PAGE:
You’re an “official” Lucasfilm artist. Explain what that means. The images I create are put on a DVD and sent to [companies licensed to produce Star Wars merchandise] as a sort of style guide. From there the images make it onto backpacks, journals, mugs, posters, puzzles. It’s weird: my stuff’s all over the world, but nobody knows it’s me.
What’s your process? For movies, there’s usually not much reference at first. Production stills. Turnaround shots. So I start with those, then add oil paints, acrylics, or even my kids’ paint. Then I scan the image into a computer program called Painter and redraw it using Photoshop.
How did you go from working at Hallmark to being a part of the Star Wars galaxy? I was working in the Hallmark calendar division in 1992. I had my choice between doing a Saturday Night Live calendar or a Star Wars calendar. SNL was going downhill, so I chose Star Wars. The Lucasfilm people reviewed my stuff, and one said, “George is going to love this.” I didn’t think it would go to that level, but then I started getting more Star Wars work. Finally, Lucasfilm asked me to work on The Phantom Menace.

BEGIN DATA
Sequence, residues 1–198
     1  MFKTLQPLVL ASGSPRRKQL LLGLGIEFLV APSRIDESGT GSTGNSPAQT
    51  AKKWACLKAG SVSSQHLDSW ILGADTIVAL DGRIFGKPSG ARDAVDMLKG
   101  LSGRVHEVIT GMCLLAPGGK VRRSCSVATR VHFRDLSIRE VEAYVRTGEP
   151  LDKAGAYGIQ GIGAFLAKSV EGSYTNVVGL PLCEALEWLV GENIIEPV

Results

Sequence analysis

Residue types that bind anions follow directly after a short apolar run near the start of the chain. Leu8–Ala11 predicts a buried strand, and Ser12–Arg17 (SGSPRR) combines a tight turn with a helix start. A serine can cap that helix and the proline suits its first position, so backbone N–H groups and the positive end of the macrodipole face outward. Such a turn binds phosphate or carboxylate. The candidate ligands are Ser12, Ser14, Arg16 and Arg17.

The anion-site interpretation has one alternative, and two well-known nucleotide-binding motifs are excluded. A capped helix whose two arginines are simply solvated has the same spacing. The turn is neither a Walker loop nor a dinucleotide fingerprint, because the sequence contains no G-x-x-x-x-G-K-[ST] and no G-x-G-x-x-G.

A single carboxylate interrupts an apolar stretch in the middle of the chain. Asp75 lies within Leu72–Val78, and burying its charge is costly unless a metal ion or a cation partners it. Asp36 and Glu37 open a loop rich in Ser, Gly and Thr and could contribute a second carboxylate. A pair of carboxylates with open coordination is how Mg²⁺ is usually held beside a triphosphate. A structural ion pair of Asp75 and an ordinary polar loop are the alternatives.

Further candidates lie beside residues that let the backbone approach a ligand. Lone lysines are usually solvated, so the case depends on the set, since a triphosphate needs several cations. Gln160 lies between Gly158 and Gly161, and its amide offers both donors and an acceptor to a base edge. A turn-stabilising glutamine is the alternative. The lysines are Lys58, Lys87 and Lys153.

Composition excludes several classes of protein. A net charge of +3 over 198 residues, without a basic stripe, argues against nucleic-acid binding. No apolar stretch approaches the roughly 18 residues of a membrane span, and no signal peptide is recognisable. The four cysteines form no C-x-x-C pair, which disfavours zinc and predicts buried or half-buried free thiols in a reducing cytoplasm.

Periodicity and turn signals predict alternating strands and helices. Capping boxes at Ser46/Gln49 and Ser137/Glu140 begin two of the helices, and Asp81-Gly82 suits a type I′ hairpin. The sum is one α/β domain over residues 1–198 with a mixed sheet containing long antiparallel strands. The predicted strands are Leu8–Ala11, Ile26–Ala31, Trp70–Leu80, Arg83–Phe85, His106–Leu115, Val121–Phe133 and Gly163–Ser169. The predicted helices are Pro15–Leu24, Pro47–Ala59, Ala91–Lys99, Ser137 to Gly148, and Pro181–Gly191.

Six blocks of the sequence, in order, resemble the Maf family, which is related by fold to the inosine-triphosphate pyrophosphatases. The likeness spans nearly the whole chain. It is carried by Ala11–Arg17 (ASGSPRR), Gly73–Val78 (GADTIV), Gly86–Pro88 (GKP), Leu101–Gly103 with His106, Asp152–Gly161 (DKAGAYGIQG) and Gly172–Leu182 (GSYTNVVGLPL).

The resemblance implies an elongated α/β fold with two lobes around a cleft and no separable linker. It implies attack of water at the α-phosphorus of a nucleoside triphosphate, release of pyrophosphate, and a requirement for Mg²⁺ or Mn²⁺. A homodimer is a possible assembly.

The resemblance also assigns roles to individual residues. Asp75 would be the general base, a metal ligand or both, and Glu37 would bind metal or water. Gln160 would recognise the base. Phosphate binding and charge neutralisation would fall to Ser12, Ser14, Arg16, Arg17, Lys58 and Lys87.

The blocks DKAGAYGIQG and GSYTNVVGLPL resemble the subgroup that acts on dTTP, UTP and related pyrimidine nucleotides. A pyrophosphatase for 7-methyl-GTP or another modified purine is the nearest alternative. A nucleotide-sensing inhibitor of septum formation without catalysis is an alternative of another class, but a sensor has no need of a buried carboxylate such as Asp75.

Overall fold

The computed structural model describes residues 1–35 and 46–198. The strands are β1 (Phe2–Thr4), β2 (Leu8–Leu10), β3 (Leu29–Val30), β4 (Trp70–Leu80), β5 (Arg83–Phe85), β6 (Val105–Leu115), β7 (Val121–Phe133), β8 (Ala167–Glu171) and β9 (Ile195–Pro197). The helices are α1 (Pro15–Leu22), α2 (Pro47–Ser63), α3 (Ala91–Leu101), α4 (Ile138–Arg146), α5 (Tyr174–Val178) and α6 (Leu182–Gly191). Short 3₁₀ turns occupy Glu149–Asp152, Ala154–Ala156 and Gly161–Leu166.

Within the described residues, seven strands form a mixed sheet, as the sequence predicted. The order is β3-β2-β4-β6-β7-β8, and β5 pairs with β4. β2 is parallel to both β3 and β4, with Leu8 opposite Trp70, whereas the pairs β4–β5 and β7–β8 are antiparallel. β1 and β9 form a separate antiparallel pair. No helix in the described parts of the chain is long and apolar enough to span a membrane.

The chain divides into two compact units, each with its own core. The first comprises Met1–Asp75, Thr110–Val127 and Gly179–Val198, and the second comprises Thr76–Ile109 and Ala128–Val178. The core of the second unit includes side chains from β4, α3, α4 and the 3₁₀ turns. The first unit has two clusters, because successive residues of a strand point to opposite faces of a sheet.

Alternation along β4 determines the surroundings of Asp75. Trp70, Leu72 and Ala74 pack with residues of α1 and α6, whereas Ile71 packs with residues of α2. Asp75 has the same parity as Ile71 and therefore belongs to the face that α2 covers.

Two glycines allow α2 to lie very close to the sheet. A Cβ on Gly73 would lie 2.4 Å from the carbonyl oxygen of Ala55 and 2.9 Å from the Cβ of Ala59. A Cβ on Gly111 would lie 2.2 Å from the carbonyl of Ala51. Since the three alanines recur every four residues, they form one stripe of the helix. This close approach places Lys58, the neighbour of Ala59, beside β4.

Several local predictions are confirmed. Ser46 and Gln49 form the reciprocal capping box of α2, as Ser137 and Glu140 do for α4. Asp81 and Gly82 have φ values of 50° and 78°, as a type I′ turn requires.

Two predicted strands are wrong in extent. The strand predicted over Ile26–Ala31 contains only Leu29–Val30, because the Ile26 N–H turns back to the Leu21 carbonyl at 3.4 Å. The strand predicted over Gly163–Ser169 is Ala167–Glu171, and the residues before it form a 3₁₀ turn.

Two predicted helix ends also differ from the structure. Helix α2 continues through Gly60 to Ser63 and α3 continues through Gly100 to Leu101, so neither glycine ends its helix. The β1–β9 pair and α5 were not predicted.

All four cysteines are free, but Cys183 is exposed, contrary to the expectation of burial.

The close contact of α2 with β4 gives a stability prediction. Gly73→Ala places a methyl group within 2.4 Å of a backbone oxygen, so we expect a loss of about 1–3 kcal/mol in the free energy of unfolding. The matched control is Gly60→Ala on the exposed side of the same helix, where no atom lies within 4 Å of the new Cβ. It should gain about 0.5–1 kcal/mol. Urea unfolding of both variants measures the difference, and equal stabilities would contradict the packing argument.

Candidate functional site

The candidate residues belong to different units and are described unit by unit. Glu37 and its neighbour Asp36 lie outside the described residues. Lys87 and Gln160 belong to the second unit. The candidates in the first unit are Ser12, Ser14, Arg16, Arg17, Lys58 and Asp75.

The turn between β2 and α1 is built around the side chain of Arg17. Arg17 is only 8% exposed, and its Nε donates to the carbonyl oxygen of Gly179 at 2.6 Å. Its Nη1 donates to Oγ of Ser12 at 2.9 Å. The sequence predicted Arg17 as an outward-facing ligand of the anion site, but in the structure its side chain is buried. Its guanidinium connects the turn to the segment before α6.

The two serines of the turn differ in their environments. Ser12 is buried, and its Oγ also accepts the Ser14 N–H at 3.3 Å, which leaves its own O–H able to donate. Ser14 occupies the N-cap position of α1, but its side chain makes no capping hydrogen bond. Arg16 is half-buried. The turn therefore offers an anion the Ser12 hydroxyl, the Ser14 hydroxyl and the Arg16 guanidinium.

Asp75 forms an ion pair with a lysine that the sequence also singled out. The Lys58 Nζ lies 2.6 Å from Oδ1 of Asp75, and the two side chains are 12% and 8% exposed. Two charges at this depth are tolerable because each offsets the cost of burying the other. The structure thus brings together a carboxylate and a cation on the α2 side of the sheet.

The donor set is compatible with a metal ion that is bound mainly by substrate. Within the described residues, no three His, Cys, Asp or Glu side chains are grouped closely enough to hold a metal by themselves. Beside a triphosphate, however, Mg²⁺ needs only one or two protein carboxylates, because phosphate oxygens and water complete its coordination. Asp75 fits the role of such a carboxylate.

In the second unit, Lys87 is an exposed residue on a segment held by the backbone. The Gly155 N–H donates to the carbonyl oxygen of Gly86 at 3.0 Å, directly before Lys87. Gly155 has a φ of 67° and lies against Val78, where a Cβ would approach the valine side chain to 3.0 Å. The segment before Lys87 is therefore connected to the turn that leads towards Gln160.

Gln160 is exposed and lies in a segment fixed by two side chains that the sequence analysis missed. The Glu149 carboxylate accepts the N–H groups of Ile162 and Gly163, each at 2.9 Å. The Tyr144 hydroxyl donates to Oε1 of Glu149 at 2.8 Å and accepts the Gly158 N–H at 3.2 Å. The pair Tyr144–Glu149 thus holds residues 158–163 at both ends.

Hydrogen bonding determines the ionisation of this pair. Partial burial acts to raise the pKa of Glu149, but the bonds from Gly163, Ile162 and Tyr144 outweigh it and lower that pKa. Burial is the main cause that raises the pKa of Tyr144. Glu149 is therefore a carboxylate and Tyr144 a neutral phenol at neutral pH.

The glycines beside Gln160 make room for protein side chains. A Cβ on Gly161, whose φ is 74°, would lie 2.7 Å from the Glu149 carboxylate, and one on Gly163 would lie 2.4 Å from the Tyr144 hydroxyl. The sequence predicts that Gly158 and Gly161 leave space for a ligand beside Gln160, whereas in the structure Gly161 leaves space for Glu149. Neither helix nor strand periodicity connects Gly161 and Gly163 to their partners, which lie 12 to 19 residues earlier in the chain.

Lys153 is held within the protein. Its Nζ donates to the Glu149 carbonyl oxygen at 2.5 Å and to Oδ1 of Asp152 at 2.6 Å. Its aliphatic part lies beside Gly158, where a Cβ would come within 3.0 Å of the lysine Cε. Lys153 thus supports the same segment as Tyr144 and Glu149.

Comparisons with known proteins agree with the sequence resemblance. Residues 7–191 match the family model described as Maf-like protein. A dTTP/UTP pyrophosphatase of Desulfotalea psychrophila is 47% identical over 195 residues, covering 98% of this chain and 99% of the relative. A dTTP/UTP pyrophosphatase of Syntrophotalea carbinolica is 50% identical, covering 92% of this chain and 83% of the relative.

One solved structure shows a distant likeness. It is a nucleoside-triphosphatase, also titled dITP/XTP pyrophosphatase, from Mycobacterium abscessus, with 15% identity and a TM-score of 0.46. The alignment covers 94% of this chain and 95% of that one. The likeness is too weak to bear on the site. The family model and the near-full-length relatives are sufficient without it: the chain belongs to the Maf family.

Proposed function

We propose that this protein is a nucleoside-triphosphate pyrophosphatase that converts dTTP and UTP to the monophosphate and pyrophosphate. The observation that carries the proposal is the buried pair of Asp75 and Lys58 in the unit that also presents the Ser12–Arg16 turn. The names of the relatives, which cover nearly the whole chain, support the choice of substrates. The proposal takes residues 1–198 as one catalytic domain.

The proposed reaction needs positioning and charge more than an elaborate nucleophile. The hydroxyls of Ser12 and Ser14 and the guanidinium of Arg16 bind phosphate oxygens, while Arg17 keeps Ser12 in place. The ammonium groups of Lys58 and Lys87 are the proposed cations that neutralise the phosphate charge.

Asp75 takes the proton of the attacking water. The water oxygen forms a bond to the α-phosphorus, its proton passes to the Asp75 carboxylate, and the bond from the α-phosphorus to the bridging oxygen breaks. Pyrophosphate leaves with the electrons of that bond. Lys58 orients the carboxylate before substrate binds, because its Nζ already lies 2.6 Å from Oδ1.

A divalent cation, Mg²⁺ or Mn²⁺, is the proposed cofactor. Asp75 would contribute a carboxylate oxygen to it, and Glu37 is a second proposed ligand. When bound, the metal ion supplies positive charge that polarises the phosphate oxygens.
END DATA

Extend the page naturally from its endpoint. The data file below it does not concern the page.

How did that conversation go? I worked around a lot of people at Hallmark when I got the call, so the Lucasfilm folks asked me to leave work since at that point the new episode was a secret. Our office was next to a mall, so I went to a pay phone and told them, “Yes, of course.”
So Lucasfilm is kind of secretive? Sort of. For instance, I’m working on this new Star Wars project for the Bradford Exchange [a major producer of collectible goods] right now. It’s this huge stained-glass character mural. Actually, now that you ask, I probably shouldn’t talk about it.
If you’re inside the machinery, then that means you’ve actually been to Skywalker Ranch, Lucas’s massive creative compound in Marin County, California. Many times. It was like a dream come true. The place was so huge it almost seemed empty. The art director was running late the first time I came, so I just walked around looking at all this Star Wars stuff. Seeing original posters from my idol [famed poster artist] Drew Struzan was the best.
How are Lucas and his people to work for? This morning I turned in sixteen pieces and just got back a few minor corrections. They notice odd details. Mostly it’s like, “Add a lightsaber here” or “Throw a saber fight at the bottom.” That kind of thing.
Do your kids have any idea their dad has such a cool job? My girls are more into Hannah Montana. But my son just watched the new Indiana Jones movie. I tried to turn him on to the original, Raiders of the Lost Ark, but he told me he likes the new one better. I couldn’t believe it. I was like, “Maybe you need to go back and watch it again.”